By Alan Scherstuhl
By Amy Nicholson
By Charles Taylor
By Stephanie Zacharek
By Brian Feinzimer
By CAROLINA DEL BUSTO
By AMY NICHOLSON
By Amy Nicholson
It's easy to label a film as "of its generation," for any number of reasons—often thematic (the Cold War anxiety that drives WarGames, or the fetishistic Reagan-era portrait of greed in Wall Street), sometimes slightly more shallow and stylistic (yay, Molly in Pretty In Pink, for making your own clothes . . . but that fugly prom dress was scarily mid-'80s). It's rare, however, that all manner of elements—style and substance alike—come together to craft something so original, so instant-cult-classic as Alex Cox's 1984 sci-fi/punk head-trip Repo Man, rereleased on DVD Tuesday.
A year before being etched into pop culture portraying the archetypal suburban-teen jock, Emilio Estevez took on his first lead role as Otto, who, in rapid succession as the film opens, quits his job, gets dumped and finds out his Jesus-freak parents have donated his college money to a televangelist. Wandering the streets—Cox's camera deftly captures a seedy, nervy, uncomfortably exciting side to South-Central and East LA that filmmakers in the post-Tarantino era would later latch onto—Otto meets repo man Bud (the incomparable Harry Dean Stanton, who soon after appeared in Pretty In Pink and totally made up for that dress). As the elder statesmen takes aimless Otto under his wing and teaches him how to repossess cars, a Chevy Malibu with some top-secret cargo in the trunk enters the picture. And then the really weird shit starts happening. . . .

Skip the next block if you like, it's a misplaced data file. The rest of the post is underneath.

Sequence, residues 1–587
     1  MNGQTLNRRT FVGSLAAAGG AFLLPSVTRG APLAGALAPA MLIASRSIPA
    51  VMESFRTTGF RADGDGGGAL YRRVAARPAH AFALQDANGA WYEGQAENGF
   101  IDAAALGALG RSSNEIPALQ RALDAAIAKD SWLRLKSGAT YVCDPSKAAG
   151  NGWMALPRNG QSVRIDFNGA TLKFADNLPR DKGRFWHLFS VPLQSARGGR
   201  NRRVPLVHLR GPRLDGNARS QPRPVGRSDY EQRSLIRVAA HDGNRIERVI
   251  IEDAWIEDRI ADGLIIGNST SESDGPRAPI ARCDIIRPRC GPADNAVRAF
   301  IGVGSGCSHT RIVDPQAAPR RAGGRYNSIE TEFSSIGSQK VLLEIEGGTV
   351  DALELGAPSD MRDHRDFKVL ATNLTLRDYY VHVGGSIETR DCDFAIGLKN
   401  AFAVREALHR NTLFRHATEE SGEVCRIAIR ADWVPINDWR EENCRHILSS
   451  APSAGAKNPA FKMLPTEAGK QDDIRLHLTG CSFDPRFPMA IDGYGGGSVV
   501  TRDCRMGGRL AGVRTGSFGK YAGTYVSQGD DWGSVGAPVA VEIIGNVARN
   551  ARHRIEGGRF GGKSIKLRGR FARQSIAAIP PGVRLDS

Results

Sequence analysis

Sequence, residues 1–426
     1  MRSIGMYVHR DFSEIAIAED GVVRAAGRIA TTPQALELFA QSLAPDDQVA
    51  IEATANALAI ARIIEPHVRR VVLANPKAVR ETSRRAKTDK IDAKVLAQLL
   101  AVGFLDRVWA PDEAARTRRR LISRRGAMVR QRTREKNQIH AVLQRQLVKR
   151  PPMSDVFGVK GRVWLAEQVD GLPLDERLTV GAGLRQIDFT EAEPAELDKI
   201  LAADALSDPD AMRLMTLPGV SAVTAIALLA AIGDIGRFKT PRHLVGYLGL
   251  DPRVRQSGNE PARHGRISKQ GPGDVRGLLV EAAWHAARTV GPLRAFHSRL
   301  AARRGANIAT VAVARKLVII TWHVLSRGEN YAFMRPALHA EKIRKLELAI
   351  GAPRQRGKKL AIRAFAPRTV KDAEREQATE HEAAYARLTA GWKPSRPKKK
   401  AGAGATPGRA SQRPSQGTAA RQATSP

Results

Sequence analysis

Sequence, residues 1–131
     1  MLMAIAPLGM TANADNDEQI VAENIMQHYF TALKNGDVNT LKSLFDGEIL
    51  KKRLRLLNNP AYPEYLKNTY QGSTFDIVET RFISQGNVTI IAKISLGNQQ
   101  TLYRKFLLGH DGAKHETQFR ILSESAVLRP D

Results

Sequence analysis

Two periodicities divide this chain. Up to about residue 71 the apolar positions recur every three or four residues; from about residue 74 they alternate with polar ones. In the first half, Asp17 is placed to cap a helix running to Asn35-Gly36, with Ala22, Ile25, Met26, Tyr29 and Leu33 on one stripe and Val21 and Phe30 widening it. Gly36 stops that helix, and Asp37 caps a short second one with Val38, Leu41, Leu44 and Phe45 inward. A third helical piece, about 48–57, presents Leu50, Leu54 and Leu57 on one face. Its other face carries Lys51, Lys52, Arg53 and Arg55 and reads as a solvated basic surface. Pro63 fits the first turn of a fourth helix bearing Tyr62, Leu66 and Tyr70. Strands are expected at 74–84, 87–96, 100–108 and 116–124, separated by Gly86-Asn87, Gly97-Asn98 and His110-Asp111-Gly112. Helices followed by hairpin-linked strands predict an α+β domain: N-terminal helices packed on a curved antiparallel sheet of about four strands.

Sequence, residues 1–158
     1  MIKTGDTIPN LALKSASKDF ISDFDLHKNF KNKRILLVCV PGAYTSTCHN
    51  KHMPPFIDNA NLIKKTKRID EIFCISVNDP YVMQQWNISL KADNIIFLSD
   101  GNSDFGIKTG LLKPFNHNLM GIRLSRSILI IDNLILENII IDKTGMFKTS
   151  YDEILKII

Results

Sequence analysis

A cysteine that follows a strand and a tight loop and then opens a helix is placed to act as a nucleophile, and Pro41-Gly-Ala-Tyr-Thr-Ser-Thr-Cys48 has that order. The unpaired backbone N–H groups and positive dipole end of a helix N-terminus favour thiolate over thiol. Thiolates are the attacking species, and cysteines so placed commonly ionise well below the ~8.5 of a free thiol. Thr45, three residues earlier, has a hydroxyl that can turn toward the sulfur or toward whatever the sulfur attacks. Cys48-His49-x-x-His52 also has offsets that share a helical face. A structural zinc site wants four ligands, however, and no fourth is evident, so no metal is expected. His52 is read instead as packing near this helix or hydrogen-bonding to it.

More than 20 years later, Repo Man still dazzles with its raucous energy, attitude and killer soundtrack (Iggy, Fear, Black Flag, plus an appearance by the Circle Jerks); it's a classic of the era and by far Cox's best film. (Shut it, Sid & Nancy fans, you know it's true.) Universal's new collector's edition isn't quite as lush as the out-of-print Anchor Bay edition from 2000, but it has some of the same features (a commentary with Cox, executive producer Michael Nesmith, and others), plus new ones (deleted scenes, a conversation with Stanton, and more).
Also recommended this week: The Aristocrats; Educating Rita; Thumbsucker; The Virgin Spring (Criterion).
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